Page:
Donnie Kolb: Bikepacking the Oregon Backcountry with VeloDirt

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Donnie Kolb at the Cowboy Dinner Tree, a restaurant along the Oregon Outback route with 30oz steaks. Photo by Gabriel Amadeus. 

Simply stated, bikepacking is backpacking on a bike. Rather than using touring bikes with panniers, bikepackers use mountain bikes with frame and seat bags that allow them to maintain agility on singletrack trails. And though people have been using bikes to explore trails and dirt roads for about as long as bikes have existed, bikepacking’s popularity has skyrocketed in the past several years with new races and events popping up all over the country and long running events seeing record participation. In Oregon, Donnie Kolb is a central figure in the bikepacking world. In his own words he is, “spreading the gospel of dirt and gravel riding throughout the Pacific Northwest.” His website VeloDirt serves as a resource for bikepacking and gravel road routes throughout Oregon, a travel journal for Kolb’s adventure stories, and a hub for loosely-organized, semi-official bike events. In May, VeloDirt is putting on their largest ride yet, the Oregon Outback. It is a wild, 360-mile route tracing most of the distance of the state south to north. I spoke to Kolb about the history of VeloDirt, his love for bikepacking adventures, the unexpected popularity of the Oregon Outback, and the future of bikepacking in Oregon and beyond.

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The Tour du St-Laurent Cycliste

60 Cycles by Jean-Claude Labrecque, National Film Board of Canada

The Tour du St. Laurent was an amateur stage race in Quebec held 12 times between 1954 and 1965. The race varied in length over the years, but essentially followed the Saint Laurence River from Quebec to Montreal and back. Filmmaker Jean-Claude Labrecque made this short film about the 1964 edition of the race. It has an interesting 60s surf-film feel to it with ambient sounds from the race, an electric guitar soundtrack, and almost no talking. If you’d like to learn more,  the Cycleops blog has an in-depth history of the race.

Spencer Paxson: Fighting to the Top as a Working Man’s Mountain Biker

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Photo from konaworld.com.

There’s something of an adoration–occasionally bordering on idolatry–for the working men and women of professional bike racing. We hold high racers such as Erik Tonkin, Tristan Schouten, and Mo Bruno-Roy who put in a full week’s work and still make it to the podium on the weekends. That esteem is, in part, a recognition of their serious dedication to the sports we love and their willingness to sacrifice time to compete at the highest levels. But it is also that we can see ourselves in working pros, unrealistic as that is. Few of us will actually spend the time training to compete at that level and even fewer have the genetics to do so. But their success feels just a little more within our grasp, a little more aspirational to those of us finding time to train and race in between all of life’s other commitments.

And though he eschews the notion that his full time job is a badge of honor or an excuse, Spencer Paxson falls squarely among that top tier of American working pros. He routinely places in the top 10 at national-level professional cross-country mountain bike races, placed 5th at the 2012 cross-country nationals, has made the US World Championships selection, and was on the 2012 Olympics long team. I spoke to Paxson about the challenges of balancing his office job with his bike racing job, what it means to have a career as a cross country racer in the ever evolving world of mountain bike racing, coming up under the mentorship of Erik Tonkin, and much more.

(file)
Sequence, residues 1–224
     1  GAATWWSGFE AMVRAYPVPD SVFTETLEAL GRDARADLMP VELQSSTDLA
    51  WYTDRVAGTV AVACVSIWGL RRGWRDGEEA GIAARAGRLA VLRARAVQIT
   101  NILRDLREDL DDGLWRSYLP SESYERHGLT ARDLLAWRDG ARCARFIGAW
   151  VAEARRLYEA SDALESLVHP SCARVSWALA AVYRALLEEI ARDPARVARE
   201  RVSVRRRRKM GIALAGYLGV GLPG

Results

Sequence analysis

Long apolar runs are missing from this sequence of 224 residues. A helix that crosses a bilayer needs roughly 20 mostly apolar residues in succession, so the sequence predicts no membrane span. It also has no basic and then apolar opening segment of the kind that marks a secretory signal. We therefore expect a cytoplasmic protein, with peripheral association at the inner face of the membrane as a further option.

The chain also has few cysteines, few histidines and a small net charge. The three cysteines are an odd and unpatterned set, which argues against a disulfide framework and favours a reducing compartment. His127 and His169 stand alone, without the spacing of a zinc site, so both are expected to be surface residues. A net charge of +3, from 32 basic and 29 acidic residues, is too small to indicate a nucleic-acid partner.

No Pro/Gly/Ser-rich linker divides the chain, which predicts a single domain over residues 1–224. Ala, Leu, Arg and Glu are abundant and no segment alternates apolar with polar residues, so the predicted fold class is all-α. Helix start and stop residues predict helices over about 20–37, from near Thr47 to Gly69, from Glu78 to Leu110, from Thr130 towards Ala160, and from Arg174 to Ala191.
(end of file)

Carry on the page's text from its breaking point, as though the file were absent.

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The Resourceful Cyclists of Havana, Cuba

Cuba’s bicycling culture was born in the economic crisis that followed the dissolution of the Soviet Union in the early 1990s. Severe oil and gas shortages gave rise to the use of bicycles as transportation in the country, a trend that continues today. Kauri Multimedia produced a short documentary about bicycling in Havana and resourcefulness necessary to keep bikes running in a country without access to new parts.

Havana Bikes from Kauri Multimedia on Vimeo.

Aaron Naparstek: the Evolution of an Advocate from Honku to StreetsBlog and Beyond (Part 2)

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Aaron and family. Photo by Clarence Eckerson via StreetFilms.org.

In the past decade, New York City has seen a remarkable transformation from one of America’s worst bike cities to one of its most progressive. Like any political movement, the change was a confluence of many, many factors. And Aaron Naparstek seems to have had his hands in a whole lot of them. From Honku–a neighborhood campaign centered on haiku about traffic–to work with Transportation Alternatives to founding StreetsBlog, he has played an important role in New York City’s evolution towards walkable, bikeable, livable streets.

In part one of this far-reaching interview, Aaron discussed his current work as a MIT Visiting Scholar and his recent Loeb Fellowship at Harvard, his roots in neighborhood activism and streets advocacy, and the foundation and growth of StreetsBlog, an influential advocacy journalism outlet in the livable streets movement. Part two continues with our discussion of pivotal moments in the history of New York City’s bike advocacy, the work necessary to continue its growth as a bike-friendly place, and the successes and shortcomings of modern American bike advocacy at large.

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